# How to Use The Simplex Method and Dual Simplex Method with CPLEX and Frontline

## Executive Summary

- There are several ways of solving a supply chain optimization problem with CPLEX.
- These settings are made in both supply planning applications as well as off-the-shelf optimizers.
- There is both a simplex method and a duplex method.

## Introduction

The solution procedure is the optimization method that is applied. I often describe and differentiate optimizers based upon their objective function. Therefore, optimizers with an objective function of minimizing costs, I call cost optimizers. Those that attempt to reduce inventory at a set service level or maximize service level at a set inventory level are called inventory optimizers.

To read about this type of optimization, see this **article.**

## CPLEX Options

However, something I have discussed significantly less is the optimization solution selected, which is a subset of the optimization method.

There are some methods, but a small number of them are the most popular. For applications like supply planning, the following would apply.

Where this is set in many optimizers is very clear. This is a screenshot of the Solution Methods tab of the SAP SNP Optimizer. The decomposition methods describe how the problem is segmented to improve run times.

More on this topic can be read about in this **article.**

However, notice the options at the bottom of the screenshot under LP Solution Procedure.

There are three-LP Solution Procedures available to choose from. This is Primal Simplex, Dual Simplex Method, and Interior Point Method, which can be used along with either of the first two options. As the CPLEX solver is actually what is being used, these are the same options provided by CPLEX.

These are described by Wikipedia below:

The IBM ILOG CPLEX Optimizer solves integer programming problems, very large

^{[2]}linear programming problems using either primal or dual variants of the simplex method or the barrier interior point method, convex and non-convex quadratic programming problems, and convex quadratically constrained problems (solved via Second-order cone programming, or SOCP).– Wikipedia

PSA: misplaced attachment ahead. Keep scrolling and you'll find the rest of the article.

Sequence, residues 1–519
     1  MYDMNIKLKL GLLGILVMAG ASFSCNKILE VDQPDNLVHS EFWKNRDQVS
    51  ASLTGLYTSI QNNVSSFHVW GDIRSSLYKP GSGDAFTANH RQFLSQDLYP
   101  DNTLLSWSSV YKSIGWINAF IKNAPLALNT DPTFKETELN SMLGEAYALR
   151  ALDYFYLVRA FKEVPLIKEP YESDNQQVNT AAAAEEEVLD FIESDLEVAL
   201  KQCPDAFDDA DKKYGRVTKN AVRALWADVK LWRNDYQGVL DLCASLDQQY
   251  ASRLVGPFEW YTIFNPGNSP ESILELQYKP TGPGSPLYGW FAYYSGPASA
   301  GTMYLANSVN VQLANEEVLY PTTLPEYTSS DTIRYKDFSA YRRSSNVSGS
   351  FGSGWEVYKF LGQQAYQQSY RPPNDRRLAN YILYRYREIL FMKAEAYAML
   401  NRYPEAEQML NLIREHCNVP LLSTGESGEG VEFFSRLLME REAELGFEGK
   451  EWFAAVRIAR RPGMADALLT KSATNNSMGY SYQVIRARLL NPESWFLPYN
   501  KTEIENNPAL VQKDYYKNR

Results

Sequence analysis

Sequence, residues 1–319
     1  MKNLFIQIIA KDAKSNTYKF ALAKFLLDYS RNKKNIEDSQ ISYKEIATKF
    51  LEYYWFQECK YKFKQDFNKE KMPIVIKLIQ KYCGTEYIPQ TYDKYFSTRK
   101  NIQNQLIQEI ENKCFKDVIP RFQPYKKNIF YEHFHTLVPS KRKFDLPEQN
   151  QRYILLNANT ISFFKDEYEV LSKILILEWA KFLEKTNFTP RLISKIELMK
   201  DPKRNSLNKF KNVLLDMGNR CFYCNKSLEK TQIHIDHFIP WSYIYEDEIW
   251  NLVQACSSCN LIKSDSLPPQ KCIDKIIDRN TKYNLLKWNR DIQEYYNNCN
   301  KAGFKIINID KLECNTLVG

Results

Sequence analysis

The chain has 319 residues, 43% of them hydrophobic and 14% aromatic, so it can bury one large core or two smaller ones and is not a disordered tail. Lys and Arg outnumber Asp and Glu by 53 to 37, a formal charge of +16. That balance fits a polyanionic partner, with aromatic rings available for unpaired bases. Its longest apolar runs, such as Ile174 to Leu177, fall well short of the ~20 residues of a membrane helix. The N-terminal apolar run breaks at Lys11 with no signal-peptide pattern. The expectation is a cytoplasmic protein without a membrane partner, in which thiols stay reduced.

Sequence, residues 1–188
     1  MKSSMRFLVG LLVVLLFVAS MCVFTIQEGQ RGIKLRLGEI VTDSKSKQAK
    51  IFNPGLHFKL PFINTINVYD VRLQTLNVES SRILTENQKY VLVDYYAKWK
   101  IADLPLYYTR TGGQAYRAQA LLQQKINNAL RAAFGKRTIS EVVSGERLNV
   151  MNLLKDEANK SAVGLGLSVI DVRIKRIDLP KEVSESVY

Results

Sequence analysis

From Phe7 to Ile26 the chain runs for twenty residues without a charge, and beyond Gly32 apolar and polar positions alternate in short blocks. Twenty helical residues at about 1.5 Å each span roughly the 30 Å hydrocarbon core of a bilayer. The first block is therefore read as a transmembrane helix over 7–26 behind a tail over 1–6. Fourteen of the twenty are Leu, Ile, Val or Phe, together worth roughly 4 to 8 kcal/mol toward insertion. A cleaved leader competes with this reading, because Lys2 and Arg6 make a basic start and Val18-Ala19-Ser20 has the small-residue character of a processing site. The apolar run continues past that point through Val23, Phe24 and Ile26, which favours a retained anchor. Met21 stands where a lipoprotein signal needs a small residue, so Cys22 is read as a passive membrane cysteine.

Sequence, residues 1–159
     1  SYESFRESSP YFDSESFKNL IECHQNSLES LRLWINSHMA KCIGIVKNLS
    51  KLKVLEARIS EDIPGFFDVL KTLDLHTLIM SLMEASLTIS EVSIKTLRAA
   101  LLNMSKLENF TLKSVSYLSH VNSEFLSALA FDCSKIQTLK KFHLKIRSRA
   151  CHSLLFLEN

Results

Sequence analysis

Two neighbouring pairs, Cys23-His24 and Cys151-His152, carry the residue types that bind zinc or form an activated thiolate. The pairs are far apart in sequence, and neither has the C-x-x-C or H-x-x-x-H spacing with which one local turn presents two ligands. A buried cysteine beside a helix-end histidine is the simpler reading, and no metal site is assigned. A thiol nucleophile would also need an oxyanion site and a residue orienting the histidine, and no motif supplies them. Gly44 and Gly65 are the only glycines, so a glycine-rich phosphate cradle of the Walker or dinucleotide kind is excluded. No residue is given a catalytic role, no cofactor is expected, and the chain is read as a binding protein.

The methods move from the most simple, the Primal Simplex, to the most complex, the Interior Point Method. Simplex is the most commonly used. The simplex method must work with equalities, not inequalities, requiring the introduction of slack variables, which measure the resource’s unused capacity.

## Dual Simplex Method

The Dual Simplex method is used for a particular problem where the equality constraints are set up in a specific way. This quote is from Elmer G. Wiens site on operations research:

Like the primal simplex method (or just the simplex), the standard form of the dual simplex method assumes all constraints are <= or =, but places no restrictions on the signs of the RHS (right hand side variables — to read more about right hand side variables see this

article.The dual simplex method algorithm consists of three phases.Phase 0 is identical to Phase 0 of the primal simplex method, as the artificial variables are replaced by the primal variables in the basis. However, the dual simplex method algorithm in Phase 1 searches for a feasible dual program, while in Phase 2, it searches for the optimal dual program, simultaneously generating the optimal primal program.

– Elmer G. Weins

The interior-point method solves problems differently from the primal or the dual method simplex. The interior-point begins from the interior of the problem rather than looking across the surface. Where the optimizer starts its search is of great importance as to the final solution it develops.

For instance, in its documentation (a separate optimizer not associated with SAP), MatLab describes how to “change the initial point” of the optimizer in at least one of its online documentation pages.

**This is not the only way to change the starting point.** The Heuristic First Solution selection will also vary the optimizers’ first point by estimating the best solution with a heuristic before the optimizer begins.

## Frontline Solver

The Frontline Solver offers different options, which are listed in the screenshot below:

Something interesting is that Frontline recommends only using the Simplex LP method for non-linear problems. However, CPLEX (which is inside SNP) uses Simplex for non-linear problems (realistic supply planning problems are non-linear).

This discrepancy is something that I will update this post with when I figure out the reason for this.

## Conclusion

The solution method is always of great emphasis for those using a general solver, which requires that the users get very much into the optimization’s detail. However, on enterprise optimization projects, the optimizer parameter setup’s particulars can often be overlooked due to other issues and distractions.

However, it is interesting and relevant to know what solution methods are being employed and have a good reason for selecting a documented format.